hunter123

backing for braid.

Rate this topic

51 posts in this topic

It's braid time again. I'm going to Cabelas tomorrow to have 30# suffix 832 braid put on my 6500 slammer 3. What lb mono should I make the guy put on first as a backing. I'm buying a 300 yrd spool of 832. I was told if the lb mono is to big , the braid can dig into it. Thanks all again. You guy's have been very helpfull to swing me to trying braid again.

Share this post


Link to post
Share on other sites

I usually use 15lb Big Game backing for 90% of reels.  Not sure if that's good or bad but it's what I do. To be fair I can't remember the every really getting down to the backing to see if it digs in or not. 

Share this post


Link to post
Share on other sites

Braid does not need backing because it does not stretch and cannot deform the spool.

 

There does need to be a layer of tape under the braid so it does not slip on the spool.

Share this post


Link to post
Share on other sites

 

  A 6500 slammer will take about 600yds of 30lb suffix 832 without backing. I never use mono backing lighter than the rating given to the braid. It has to be rigged tight to prevent digging, and you have to start laying your braid down with a fast/wide pattern. Once you can no longer see the backing, you can slow it down and try to match the oscillation pattern of the reel.

     -And just for the OP, that particular reel doesn't like to be over filled. At all. Make sure there's a 4-5mm space between your line and the lip of the spool.

      I don't trust the little rubber bands placed on spools to prevent slippage. The stakes are too high, and it takes almost no effort at all to put 30" of mono on first. And tape melts in Florida. People still do it, especially on light baitcasters that have limited capacity. Not my thing. I'm going in today, and I'm very likely to be doing some rigging. I'll take some photos if you guys think you need them.

Share this post


Link to post
Share on other sites

Posted (edited) · Report post

I don't use backing or tape at all. I kind of independently came up with my own knot that others use too for attaching braid to the spool. I wrap the main line 15-20 times around the arbor, then 10-12 turn uni knot the tag (about 12" long) around the main line. I pull the main line the opposite direction I wound it on to snug the uni down to the arbor after fully tightening it. 

 

The main line will actually break before it spins on the arbor, even with no wraps on after the backing knot. 

 

Use this on everything, it has never failed me. 

Edited by RedGreen

Share this post


Link to post
Share on other sites

i’ve been using a little mono backing under braid since i was first handed a spool of braid (“multi”) to try back in the 90s.  if i recall, it was 30#.  a note that read “load a base of 10-15# mono under the braid before you spool it on” came with the gift.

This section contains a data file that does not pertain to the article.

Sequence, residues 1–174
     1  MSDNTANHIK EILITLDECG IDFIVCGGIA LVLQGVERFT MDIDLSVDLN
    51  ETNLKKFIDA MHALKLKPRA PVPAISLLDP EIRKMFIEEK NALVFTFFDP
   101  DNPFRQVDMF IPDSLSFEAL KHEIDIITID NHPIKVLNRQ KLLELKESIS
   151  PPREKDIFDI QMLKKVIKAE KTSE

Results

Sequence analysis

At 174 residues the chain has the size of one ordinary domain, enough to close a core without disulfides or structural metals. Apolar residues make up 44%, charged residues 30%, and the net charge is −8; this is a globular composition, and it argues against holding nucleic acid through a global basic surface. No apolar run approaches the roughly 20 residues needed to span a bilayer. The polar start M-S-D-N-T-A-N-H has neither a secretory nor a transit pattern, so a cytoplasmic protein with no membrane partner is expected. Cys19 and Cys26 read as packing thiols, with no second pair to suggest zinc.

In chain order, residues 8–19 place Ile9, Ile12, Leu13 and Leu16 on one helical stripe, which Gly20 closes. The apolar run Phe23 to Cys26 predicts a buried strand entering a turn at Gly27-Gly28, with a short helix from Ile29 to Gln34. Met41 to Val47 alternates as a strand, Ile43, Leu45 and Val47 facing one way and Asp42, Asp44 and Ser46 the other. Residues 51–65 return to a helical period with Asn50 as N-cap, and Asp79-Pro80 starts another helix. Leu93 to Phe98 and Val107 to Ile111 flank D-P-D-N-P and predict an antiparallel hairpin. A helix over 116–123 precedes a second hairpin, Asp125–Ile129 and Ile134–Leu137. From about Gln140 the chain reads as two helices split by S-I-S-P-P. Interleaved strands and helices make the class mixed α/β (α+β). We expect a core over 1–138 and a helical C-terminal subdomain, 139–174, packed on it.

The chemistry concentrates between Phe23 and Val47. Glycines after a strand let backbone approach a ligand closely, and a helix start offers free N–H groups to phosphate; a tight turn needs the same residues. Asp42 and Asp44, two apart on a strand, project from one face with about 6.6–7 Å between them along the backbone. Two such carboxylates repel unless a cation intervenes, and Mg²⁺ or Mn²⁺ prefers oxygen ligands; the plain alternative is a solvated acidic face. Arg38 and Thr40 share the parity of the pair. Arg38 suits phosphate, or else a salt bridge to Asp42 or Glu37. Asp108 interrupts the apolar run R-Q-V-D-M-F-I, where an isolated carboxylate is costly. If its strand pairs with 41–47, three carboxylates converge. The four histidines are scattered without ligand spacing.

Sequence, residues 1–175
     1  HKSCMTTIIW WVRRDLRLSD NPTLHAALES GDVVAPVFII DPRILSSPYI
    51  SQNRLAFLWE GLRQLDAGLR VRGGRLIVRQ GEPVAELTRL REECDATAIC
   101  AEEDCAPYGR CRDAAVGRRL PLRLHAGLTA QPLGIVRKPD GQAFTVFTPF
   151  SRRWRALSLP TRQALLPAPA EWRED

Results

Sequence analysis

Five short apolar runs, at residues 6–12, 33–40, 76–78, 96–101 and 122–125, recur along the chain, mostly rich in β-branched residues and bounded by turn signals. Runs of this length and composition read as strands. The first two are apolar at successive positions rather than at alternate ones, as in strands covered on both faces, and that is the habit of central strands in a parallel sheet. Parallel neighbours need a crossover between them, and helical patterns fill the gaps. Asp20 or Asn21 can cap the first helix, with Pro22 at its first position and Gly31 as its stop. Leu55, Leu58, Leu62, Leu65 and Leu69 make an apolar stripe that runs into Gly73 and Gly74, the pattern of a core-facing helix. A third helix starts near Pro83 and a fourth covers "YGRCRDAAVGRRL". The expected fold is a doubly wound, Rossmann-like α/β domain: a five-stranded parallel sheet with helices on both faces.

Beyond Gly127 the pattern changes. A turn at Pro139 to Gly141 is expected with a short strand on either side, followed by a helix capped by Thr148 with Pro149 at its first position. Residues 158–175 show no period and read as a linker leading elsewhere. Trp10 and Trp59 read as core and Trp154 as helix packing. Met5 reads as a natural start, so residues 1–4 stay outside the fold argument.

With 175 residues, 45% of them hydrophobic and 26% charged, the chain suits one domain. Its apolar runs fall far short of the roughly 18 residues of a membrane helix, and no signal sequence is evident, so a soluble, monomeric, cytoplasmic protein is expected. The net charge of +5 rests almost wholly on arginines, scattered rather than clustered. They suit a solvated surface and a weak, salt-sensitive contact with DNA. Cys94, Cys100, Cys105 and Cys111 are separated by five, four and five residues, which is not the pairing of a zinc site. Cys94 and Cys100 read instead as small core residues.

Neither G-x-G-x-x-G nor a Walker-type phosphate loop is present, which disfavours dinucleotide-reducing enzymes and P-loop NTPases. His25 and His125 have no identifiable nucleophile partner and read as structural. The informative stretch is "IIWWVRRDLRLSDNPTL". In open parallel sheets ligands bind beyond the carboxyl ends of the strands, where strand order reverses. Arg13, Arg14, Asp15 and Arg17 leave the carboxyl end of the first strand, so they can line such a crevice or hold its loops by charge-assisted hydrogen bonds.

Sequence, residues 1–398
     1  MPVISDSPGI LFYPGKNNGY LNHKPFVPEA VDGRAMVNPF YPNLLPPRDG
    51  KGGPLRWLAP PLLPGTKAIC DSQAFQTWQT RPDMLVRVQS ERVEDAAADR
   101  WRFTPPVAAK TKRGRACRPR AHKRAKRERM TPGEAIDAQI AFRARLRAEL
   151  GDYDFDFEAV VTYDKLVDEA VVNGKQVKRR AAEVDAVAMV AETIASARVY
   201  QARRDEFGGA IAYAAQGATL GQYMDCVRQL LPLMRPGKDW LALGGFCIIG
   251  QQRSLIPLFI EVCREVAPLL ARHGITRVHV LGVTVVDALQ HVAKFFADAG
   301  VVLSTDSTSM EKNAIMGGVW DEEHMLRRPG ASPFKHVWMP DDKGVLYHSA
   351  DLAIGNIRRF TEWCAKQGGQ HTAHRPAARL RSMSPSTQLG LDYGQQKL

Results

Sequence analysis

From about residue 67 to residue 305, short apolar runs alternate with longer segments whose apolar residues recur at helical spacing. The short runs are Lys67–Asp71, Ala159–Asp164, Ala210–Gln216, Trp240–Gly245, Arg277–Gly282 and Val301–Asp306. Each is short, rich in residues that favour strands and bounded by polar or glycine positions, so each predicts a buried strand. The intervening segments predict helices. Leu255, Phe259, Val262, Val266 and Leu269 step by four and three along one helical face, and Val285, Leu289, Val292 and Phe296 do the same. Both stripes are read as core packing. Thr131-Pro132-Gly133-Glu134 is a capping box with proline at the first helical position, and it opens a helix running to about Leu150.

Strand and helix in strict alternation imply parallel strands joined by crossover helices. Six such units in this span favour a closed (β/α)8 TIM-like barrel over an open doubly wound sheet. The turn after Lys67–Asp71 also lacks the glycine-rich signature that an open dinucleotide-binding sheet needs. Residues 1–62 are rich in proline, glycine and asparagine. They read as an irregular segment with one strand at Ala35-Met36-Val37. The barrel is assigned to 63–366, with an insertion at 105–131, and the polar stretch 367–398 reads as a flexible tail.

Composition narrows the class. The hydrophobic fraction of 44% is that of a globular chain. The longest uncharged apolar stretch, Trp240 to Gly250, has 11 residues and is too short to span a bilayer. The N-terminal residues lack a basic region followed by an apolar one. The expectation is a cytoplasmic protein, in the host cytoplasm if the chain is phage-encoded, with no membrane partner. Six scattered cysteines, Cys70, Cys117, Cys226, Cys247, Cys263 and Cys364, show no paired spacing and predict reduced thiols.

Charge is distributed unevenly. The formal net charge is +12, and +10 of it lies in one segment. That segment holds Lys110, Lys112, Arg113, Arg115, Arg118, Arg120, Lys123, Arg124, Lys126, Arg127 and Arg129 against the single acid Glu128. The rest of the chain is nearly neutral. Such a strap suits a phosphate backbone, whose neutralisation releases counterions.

been doing it like that.  never ever had a slippage or had any braid dig into the mono.

Share this post


Link to post
Share on other sites

I usually use what I have laying around if it's reasonably close to the diameter of the braid I'm using. 10-15lb most of the time. In general, I use backing to save money and not for any other reason.

Share this post


Link to post
Share on other sites
6 hours ago, hunter123 said:

It's braid time again. I'm going to Cabelas tomorrow to have 30# suffix 832 braid put on my 6500 slammer 3. What lb mono should I make the guy put on first as a backing. I'm buying a 300 yrd spool of 832. I was told if the lb mono is to big , the braid can dig into it. Thanks all again. You guy's have been very helpfull to swing me to trying braid again.

The cheapest mono up to 30lb is fine.  Do they offer free service to spool the reel?  If not, why dont you do it yourself?  Just have to make sure you spool the braid onto the reel tightly.  If you dont know how much mono to put on to fill the reel with braid, there are videos on the Tube to show you how.  Its a bit tedious, but at least you save money and you have done it yourself. 

Share this post


Link to post
Share on other sites

Unless you're made of money or fishing very deep waters on a boat you don't need a full spool of braid on most reels unless you're targeting sharks or very big fish from shore.  200-250 yards of braid is more than enough for shore fishing unless you're an elite surfcaster tossing 100+ yards on the regular.  You would still have plenty of line plus mono backing to fight the fish.  

 

I use mono backing spooled on fairly tight.  I pinch the line with my fingers, gloves or a towel to keep the tension while spooling.  I also spool my braid tight to avoid compression if there's a snag or hook onto something big.  Otherwise the braid will dig into itself.  Some reels have terrible line lay and can cross braid to reduce it digging into itself.  Most reels however have decent line lay so if it's on tight (especially the portion of line that will never see daylight) the better.  After I spool a reel with braid, I squeeze the spool/line.  If I can't compress it with my fingers it's on tight enough for me.  If it feels spongy, I spool it tighter.  

 

My rule of thumb on what pound mono backing is, if I used mono on this reel, what pound mono would I typically use?  For saltwater I use 15-20# mono backing.  Freshwater 8-10# backing (if it's an ultralight setup on a 500-1000 size reel I skip the mono backing but use electrical tape against the spool).  I may up size it up/down a bit depending on what I had available.

Share this post


Link to post
Share on other sites

Create an account or sign in to comment

You need to register here in order to participate.

Create an account

Sign up for a new account in our community. It's easy!


Register a new account

Sign in

Already have an account? Sign in here.


Sign In Now

  • Recently Browsing   0 members

    No registered users viewing this page.